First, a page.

Wednesday, Wednesday, July 27, 2016, 46 U.S. common stocks are scheduled to go ex-dividend. The dividend yields on these stocks range from 0.7% to 12.2%. All of these stocks can be found on our stocks going ex-dividend section of our dividend calendar. Highlighted Stocks Going Ex-Dividend Wednesday: Nuveen Long/Short Commodity TR Fund Owners of Nuveen Long/Short Commodity TR Fund (AMEX: CTF) shares, as of market close today, will be eligible for a dividend of 9 cents per share. At a price of $14.61 as of 3:59 p.m. ET, the dividend yield is 7.4%. The average volume for Nuveen Long/Short Commodity TR Fund has been 32,200 shares per day over the past 30 days. Nuveen Long/Short Commodity TR Fund has a market cap of $237.8 million and is part of the financial services industry. Shares are down 5.9% year-to-date as of the close of trading on Friday. EXCLUSIVE OFFER: See inside Jim Cramer's multi-million dollar charitable trust portfolio to see the stocks he thinks could be potential winners. Click here to see his holdings for 14-days FREE.
Virtus Investment Partners Owners of Virtus Investment Partners (NASDAQ: VRTS) shares, as of market close today, will be eligible for a dividend of 45 cents per share. At a price of $81.99 as of 9:34 a.m. ET, the dividend yield is 2.2%. The average volume for Virtus Investment Partners has been 126,400 shares per day over the past 30 days. Virtus Investment Partners has a market cap of $678.0 million and is part of the financial services industry. Shares are down 30.6% year-to-date as of the close of trading on Monday. EXCLUSIVE OFFER: See inside Jim Cramer's multi-million dollar charitable trust portfolio to see the stocks he thinks could be potential winners. Click here to see his holdings for 14-days FREE. Virtus Investment Partners, Inc. is a publicly owned investment manager. The firm primarily provides its services to individual and institutional clients. It launches separate client focused equity and fixed income portfolios. The company has a P/E ratio of 25.17. TheStreet Ratings rates Virtus Investment Partners as a hold. The company's strongest point has been its very decent return on equity which we feel should persist. At the same time, however, we also find weaknesses including deteriorating net income, poor profit margins and weak operating cash flow. You can view the full Virtus Investment Partners Ratings Report now.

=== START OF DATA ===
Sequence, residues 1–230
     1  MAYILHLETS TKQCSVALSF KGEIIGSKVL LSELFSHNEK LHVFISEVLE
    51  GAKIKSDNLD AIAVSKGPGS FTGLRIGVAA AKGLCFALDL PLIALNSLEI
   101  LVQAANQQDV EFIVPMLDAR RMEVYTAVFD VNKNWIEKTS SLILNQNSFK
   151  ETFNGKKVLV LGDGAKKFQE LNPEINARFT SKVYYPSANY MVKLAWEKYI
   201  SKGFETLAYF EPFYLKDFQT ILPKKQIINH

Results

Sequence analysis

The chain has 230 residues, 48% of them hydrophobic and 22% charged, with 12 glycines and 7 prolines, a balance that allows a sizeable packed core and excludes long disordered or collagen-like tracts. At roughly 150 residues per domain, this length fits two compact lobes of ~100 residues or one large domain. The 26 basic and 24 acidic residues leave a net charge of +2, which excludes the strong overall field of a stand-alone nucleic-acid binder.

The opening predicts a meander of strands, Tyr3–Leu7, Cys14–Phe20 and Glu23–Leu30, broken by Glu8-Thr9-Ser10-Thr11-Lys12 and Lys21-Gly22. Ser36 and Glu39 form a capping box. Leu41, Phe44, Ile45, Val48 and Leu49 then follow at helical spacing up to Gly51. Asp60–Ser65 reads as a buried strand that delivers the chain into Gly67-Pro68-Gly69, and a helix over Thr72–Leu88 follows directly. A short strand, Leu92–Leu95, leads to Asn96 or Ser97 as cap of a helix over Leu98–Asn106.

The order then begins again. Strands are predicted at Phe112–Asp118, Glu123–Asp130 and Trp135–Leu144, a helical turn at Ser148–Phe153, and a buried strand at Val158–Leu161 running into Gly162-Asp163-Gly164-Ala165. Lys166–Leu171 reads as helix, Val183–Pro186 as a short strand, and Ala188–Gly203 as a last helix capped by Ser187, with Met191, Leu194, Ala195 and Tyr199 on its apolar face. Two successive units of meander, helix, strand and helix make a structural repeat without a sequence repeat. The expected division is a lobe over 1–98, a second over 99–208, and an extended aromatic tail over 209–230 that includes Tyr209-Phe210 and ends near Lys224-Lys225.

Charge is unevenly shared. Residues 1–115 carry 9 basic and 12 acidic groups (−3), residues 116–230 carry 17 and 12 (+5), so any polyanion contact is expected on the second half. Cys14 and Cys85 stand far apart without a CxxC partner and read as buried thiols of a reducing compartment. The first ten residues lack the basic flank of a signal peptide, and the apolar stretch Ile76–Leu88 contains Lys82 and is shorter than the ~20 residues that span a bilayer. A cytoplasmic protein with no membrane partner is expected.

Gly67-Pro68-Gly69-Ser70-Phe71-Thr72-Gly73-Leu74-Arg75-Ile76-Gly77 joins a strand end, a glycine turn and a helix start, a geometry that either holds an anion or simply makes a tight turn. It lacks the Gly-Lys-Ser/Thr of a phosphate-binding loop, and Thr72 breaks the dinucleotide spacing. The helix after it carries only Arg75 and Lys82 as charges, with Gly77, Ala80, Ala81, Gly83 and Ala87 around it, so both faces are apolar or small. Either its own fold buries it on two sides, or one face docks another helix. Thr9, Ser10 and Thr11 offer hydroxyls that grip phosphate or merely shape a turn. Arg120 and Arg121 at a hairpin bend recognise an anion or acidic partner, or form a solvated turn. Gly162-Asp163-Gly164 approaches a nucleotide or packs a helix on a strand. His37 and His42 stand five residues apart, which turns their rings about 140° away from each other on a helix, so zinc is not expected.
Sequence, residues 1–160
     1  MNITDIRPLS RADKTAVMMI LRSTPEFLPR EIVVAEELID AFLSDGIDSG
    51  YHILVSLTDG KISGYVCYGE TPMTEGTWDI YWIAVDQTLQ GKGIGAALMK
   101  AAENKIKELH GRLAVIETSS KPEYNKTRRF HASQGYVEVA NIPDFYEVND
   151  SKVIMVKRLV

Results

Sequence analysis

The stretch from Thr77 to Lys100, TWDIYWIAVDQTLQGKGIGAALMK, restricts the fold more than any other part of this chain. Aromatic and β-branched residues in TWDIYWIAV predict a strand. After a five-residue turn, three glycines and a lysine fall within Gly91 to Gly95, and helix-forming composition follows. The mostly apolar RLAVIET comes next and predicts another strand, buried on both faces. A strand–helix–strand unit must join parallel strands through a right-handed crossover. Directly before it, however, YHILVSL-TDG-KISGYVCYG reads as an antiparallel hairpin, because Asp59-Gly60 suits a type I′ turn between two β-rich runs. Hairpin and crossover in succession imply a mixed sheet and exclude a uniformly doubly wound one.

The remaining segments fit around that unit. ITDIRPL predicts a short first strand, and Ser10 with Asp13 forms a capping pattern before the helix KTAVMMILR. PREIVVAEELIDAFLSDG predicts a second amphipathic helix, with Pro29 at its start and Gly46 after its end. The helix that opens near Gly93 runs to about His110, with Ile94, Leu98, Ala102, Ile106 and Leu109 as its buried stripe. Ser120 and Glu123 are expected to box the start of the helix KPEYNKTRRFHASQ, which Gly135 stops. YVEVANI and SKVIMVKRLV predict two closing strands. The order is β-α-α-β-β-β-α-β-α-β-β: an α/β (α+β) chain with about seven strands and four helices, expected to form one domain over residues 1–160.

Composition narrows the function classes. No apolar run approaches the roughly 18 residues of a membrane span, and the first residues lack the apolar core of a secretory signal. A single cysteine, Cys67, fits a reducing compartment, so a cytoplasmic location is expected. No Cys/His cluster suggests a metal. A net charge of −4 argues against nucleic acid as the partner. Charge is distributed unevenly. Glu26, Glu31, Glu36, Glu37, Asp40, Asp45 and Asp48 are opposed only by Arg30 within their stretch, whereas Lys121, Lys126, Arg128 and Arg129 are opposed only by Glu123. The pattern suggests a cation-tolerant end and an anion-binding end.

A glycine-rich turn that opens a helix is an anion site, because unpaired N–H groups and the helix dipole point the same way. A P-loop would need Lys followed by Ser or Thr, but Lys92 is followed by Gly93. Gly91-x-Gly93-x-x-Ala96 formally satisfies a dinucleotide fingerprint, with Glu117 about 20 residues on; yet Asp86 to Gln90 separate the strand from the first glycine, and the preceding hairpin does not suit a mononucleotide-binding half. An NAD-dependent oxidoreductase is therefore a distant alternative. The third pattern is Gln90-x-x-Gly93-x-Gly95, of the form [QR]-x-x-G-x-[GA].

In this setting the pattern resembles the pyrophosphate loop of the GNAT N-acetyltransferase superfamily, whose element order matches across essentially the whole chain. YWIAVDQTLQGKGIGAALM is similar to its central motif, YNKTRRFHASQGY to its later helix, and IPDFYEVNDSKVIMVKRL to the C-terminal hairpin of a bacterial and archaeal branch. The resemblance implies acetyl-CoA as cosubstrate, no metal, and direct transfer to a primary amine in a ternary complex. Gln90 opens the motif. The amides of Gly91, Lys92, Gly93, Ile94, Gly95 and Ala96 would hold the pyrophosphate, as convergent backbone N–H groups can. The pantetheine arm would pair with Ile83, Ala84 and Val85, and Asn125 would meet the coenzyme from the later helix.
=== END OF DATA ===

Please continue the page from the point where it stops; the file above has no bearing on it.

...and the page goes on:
Tanger Factory Outlet Centers Owners of Tanger Factory Outlet Centers (NYSE: SKT) shares, as of market close today, will be eligible for a dividend of 32 cents per share. At a price of $41.47 as of 9:36 a.m. ET, the dividend yield is 3.1%. The average volume for Tanger Factory Outlet Centers has been 770,000 shares per day over the past 30 days. Tanger Factory Outlet Centers has a market cap of $4.0 billion and is part of the real estate industry. Shares are up 26.8% year-to-date as of the close of trading on Monday. EXCLUSIVE OFFER: See inside Jim Cramer's multi-million dollar charitable trust portfolio to see the stocks he thinks could be potential winners. Click here to see his holdings for 14-days FREE. Tanger Factory Outlet Centers, Inc. is a real estate investment trust. The firm invests in the real estate markets in United States. It focuses on developing, acquiring, owning, operating, and managing outlet shopping centers. Tanger Factory Outlet Centers, Inc. The company has a P/E ratio of 19.67. TheStreet Ratings rates Tanger Factory Outlet Centers as a hold. The company's strengths can be seen in multiple areas, such as its solid stock price performance, revenue growth and notable return on equity. However, as a counter to these strengths, we also find weaknesses including unimpressive growth in net income, weak operating cash flow and feeble growth in the company's earnings per share. You can view the full Tanger Factory Outlet Centers Ratings Report now. More About Dividends: One benefit of owning a stock is the potential that you will be paid a dividend. The distribution of dividend payments is another way for a company to share its profit with you. A dividend means that the company pays you a certain amount of money, either as a one-time payment or more commonly on a quarterly basis, for each share of stock you own. Many times, dividends come at the expense of greater price appreciation, because the company is distributing its profits to shareholders rather than reinvesting the profits back into the growth of the company. However, companies that pay dividends can be very attractive to investors when they offer a steady stream of income. There are some important terms and dates an investor should be familiar with before purchasing any dividend-paying companies. Let's work through an example to help better explain some of these terms: On March 1, ABC Widget Company has decided that because it holds excess cash and lacks investment opportunities, it would like to reward shareholders with a regular quarterly dividend payment. The date for this particular announcement is known as the declaration date. It is on this date that the company announces the specific dividend payment along with the holder-of-record date (aka record date) and the payment date. The company announces that a dividend payment of 25 cents per share will be payable March 31, 2012 (the payment date) to all shareholders of record at the close of business on March 16, 2012 (holder-of-record date). What does this all mean? Well the short story is that the company looks at its records on March 16 and anyone listed on the books as an owner of ABC Widget company will be eligible for the dividend payment (on March 31). The one other important term to remember is the ex-dividend date. The ex-dividend date (typically two trading days before the holder-of-record date for U.S. securities) is the day in which a company begins trading without the dividend. In order to have a claim on a dividend, shares must be purchased no later than the last business day before the ex-dividend date. A company trading ex-dividend will have the upcoming dividend subtracted from the share price at the start of the trading day. Many times, the price of a stock will increase in anticipation of the upcoming dividend as the ex-dividend date approaches, yet will fall back by the amount of the dividend on the ex-dividend date.